Congressional Study Group Discussion

China-Russia Relations

Honorary Dinner Speakers

Rush Doshi, Deputy Senior Director for China and Taiwan, National Security Council

James Steinberg, former Deputy Secretary of State; Dean of John Hopkins University’s School of Advanced International Studies

Following a summit in the leadup to the 2022 Winter Olympics in Beijing and weeks before the Russian invasion of Ukraine, Presidents Xi Jinping and Vladimir Putin announced a “no limits” partnership between China and Russia. In the subsequent months and years, Russia’s unprovoked aggression in Ukraine, coupled with Beijing’s simultaneous support of Moscow’s war effort, has resurrected concerns in the United States and Europe over the threat to the international order posed by a strengthening Russia-China partnership. Meanwhile, the United States continues to balance various pressures in providing reliable support to Ukraine’s resistance while realizing the ambitious commitments it has set for itself across all domains of national power in the Indo-Pacific.

In September 2023, NBR hosted an off-the-record Pacific Rim Congressional Study Group dinner for senior congressional staff. The group was joined by Rush Doshi, deputy senior director for China and Taiwan at the National Security Council, and James Steinberg, former deputy secretary of state and dean of John Hopkins University’s School of Advanced International Studies. Participants exchanged ideas on the following topics:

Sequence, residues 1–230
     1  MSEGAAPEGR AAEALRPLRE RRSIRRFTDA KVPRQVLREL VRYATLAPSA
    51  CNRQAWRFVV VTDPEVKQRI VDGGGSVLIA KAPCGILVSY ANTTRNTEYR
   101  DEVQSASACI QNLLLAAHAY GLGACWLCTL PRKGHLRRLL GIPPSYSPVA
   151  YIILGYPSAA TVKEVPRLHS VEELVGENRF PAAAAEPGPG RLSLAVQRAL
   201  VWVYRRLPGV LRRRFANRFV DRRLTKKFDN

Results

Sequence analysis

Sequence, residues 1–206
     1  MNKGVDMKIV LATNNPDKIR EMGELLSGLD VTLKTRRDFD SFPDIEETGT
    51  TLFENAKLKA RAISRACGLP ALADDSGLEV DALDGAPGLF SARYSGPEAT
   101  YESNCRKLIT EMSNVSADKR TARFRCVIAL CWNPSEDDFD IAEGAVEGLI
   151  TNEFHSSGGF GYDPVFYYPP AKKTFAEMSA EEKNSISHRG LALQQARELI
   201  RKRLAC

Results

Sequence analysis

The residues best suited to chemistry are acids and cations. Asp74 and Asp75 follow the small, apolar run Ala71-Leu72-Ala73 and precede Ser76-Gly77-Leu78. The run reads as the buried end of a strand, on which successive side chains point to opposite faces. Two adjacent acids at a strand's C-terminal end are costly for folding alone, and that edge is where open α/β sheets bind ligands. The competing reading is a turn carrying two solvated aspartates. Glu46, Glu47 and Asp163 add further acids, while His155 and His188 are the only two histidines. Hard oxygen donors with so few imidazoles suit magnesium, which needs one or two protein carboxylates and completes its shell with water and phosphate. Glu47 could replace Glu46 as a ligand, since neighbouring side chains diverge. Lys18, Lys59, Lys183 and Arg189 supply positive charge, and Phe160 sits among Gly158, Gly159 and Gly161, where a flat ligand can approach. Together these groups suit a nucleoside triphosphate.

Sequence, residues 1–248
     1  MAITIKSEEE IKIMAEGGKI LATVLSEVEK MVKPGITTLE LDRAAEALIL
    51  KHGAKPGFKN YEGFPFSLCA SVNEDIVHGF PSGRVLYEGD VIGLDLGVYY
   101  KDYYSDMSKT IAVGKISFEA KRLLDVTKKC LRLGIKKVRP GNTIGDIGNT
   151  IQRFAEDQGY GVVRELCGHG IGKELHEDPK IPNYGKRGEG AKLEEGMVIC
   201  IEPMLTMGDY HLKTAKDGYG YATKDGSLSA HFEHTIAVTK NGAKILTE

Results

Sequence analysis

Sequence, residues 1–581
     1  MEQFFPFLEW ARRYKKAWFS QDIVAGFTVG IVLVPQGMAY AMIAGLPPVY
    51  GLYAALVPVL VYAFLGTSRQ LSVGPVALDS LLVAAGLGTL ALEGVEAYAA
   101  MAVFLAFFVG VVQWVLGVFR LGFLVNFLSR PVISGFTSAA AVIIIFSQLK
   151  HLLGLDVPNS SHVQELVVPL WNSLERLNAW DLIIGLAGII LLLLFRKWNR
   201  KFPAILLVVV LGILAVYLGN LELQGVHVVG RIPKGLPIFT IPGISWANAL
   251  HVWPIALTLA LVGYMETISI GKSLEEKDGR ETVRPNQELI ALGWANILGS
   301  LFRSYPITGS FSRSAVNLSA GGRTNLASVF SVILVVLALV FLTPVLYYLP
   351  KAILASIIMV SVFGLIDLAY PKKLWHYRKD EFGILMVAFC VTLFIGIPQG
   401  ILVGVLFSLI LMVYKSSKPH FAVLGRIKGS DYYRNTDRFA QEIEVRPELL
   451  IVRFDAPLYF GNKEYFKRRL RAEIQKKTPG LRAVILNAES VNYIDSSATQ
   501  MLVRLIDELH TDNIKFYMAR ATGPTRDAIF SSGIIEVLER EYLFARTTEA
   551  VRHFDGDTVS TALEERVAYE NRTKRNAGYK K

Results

• The calculus and scope of China’s support to Russia in the context of the ongoing war in Ukraine
  • The long-standing sources of suspicion and distrust between Russia and China and implications for the future of the partnership
  • The ideological dimensions of the Russia-China partnership, and the extent to which those bonds are driving Beijing and Moscow closer in the current era
  • Whether there are possible areas of competition between Russia and China, including Beijing’s continued cultivation of influence in Central Asia, the Arctic, and the Middle East, among other regions

  • The extent to which fundamentally divergent interests and deep-seated strategic mistrust of the United States by authoritarian leaders limit opportunities to improve relations or reduce friction at present